Volvo has opened a new traffic accident research centre in China to collect more data on crashes.
The manufacturer already gathers information on crashes in Sweden, the US and Thailand to incorporate into the development of its cars.
Opening the centre in the burgeoning economy of China will provide Volvo with far more information to study at its headquarters in Gothenburg. Figures show that more than 100,000 people are killed in traffic accidents in China each year, compared with around 3500 in the UK.
Volvo boss Fredrik Arp said of the company's accident research: 'In recent years we have focused on what happens during the final few seconds before the accident actually takes place.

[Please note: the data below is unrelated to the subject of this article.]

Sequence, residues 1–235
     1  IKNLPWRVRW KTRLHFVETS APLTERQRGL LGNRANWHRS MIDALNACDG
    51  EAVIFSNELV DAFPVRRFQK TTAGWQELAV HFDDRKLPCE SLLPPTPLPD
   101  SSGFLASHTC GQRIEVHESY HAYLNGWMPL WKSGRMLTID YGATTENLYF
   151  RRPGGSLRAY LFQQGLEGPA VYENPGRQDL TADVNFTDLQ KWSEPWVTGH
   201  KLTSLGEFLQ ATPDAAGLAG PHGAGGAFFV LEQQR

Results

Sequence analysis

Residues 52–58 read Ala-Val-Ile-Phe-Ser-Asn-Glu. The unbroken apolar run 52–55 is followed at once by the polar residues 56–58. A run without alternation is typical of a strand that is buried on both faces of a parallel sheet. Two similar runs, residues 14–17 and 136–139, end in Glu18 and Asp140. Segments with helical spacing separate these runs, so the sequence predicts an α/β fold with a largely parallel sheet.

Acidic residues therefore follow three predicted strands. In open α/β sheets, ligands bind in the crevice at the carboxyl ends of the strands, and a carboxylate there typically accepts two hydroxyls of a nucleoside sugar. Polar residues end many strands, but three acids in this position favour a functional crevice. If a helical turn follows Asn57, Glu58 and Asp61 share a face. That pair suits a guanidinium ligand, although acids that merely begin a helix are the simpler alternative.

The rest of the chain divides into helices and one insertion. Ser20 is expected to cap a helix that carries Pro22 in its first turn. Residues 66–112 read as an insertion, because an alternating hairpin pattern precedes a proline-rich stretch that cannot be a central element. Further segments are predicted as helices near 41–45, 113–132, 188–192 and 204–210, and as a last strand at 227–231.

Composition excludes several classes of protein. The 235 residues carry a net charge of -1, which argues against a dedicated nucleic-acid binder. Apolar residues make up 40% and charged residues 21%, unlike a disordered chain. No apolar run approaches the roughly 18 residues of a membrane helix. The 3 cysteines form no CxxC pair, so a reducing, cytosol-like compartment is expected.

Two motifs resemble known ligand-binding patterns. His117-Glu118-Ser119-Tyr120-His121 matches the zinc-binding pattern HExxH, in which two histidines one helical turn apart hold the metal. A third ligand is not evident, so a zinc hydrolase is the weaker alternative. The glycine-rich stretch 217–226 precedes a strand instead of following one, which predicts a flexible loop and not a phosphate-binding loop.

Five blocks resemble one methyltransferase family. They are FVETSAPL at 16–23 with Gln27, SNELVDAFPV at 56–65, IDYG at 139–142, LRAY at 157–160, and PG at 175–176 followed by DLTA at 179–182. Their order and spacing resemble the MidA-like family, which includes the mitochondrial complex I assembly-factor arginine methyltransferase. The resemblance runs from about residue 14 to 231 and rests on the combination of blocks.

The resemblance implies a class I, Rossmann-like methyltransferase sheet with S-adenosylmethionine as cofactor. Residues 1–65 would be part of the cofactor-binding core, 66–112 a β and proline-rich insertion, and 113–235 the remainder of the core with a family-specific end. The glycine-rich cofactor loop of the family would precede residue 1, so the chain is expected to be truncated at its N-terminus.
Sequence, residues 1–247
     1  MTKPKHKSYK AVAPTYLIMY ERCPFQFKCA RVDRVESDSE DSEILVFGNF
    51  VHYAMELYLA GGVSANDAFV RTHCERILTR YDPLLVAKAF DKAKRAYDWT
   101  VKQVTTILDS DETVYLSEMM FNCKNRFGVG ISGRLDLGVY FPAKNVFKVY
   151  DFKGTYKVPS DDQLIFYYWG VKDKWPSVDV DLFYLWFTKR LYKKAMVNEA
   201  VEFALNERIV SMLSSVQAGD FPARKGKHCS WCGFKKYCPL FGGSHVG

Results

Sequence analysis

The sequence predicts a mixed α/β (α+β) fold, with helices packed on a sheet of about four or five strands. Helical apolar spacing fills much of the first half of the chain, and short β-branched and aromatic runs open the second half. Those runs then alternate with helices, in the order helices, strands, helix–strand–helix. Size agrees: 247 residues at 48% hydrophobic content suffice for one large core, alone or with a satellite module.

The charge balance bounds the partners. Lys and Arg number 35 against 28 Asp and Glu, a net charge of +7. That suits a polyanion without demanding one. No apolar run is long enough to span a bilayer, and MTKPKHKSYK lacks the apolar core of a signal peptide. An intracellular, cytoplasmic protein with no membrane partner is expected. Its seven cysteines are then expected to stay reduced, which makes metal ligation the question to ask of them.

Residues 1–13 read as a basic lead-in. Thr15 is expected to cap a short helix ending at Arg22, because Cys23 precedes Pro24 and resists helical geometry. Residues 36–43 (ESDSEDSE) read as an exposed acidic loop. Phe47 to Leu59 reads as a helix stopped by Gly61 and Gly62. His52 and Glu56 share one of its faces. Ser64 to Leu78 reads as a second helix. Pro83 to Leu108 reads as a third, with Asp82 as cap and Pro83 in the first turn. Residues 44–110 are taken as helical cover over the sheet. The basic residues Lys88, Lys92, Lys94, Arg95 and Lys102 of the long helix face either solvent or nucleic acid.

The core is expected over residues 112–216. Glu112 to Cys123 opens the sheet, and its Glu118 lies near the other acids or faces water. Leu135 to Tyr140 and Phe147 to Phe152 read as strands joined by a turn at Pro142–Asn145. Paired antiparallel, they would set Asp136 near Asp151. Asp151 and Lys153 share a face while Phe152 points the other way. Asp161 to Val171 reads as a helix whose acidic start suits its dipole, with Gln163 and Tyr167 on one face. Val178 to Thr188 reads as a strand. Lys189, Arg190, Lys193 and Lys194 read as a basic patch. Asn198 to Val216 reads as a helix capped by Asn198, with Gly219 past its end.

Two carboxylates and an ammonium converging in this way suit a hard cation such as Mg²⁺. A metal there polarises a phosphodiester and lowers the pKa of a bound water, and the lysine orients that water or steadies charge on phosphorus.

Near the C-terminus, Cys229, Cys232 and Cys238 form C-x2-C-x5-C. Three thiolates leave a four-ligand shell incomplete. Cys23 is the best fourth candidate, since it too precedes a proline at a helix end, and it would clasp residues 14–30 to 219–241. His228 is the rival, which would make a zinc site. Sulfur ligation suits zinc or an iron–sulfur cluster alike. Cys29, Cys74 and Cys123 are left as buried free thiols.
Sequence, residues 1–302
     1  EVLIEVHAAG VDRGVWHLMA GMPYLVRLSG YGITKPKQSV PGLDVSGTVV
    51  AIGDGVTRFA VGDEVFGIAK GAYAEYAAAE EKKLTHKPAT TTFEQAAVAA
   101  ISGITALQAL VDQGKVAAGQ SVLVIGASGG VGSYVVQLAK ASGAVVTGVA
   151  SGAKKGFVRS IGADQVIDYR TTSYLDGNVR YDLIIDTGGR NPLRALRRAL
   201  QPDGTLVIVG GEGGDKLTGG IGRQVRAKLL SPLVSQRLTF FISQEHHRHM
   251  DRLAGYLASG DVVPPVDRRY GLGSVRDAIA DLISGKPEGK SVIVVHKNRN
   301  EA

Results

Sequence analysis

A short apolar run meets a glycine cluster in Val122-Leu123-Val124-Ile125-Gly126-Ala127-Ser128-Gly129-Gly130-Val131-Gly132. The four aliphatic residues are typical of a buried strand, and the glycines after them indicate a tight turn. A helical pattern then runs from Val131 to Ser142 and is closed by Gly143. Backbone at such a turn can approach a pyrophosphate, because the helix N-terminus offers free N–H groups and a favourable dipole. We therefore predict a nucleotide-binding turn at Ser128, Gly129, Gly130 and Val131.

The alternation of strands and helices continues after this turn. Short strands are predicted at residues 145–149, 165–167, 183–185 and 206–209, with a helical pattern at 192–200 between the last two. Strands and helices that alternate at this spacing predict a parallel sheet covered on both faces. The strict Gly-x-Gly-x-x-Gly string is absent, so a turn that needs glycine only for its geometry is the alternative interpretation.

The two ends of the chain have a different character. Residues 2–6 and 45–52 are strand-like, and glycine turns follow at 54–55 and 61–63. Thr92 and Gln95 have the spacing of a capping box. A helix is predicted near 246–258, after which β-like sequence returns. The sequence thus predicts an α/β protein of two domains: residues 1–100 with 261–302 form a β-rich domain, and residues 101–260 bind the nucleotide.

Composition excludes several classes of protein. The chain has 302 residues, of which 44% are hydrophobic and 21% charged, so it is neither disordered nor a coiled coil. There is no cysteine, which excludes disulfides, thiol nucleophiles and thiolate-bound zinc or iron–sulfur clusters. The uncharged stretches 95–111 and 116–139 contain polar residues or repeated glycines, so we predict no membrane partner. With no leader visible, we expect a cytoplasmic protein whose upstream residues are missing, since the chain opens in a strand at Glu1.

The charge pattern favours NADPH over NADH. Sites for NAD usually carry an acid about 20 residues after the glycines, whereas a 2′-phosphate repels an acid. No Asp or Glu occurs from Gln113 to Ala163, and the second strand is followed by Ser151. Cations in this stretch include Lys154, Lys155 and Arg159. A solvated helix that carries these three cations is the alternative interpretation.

'This has created better potential for devising preventative systems that help our customers avoid accidents in the first place.'
New systems now in use on Volvo cars include a collision detection system that alerts the driver to a potential crash and primes the brakes for shorter stopping distances.
The company also credits its accident research efforts, and 40,000-strong database of crashes, for the development of deformable steering wheels and three-point seatbelts.
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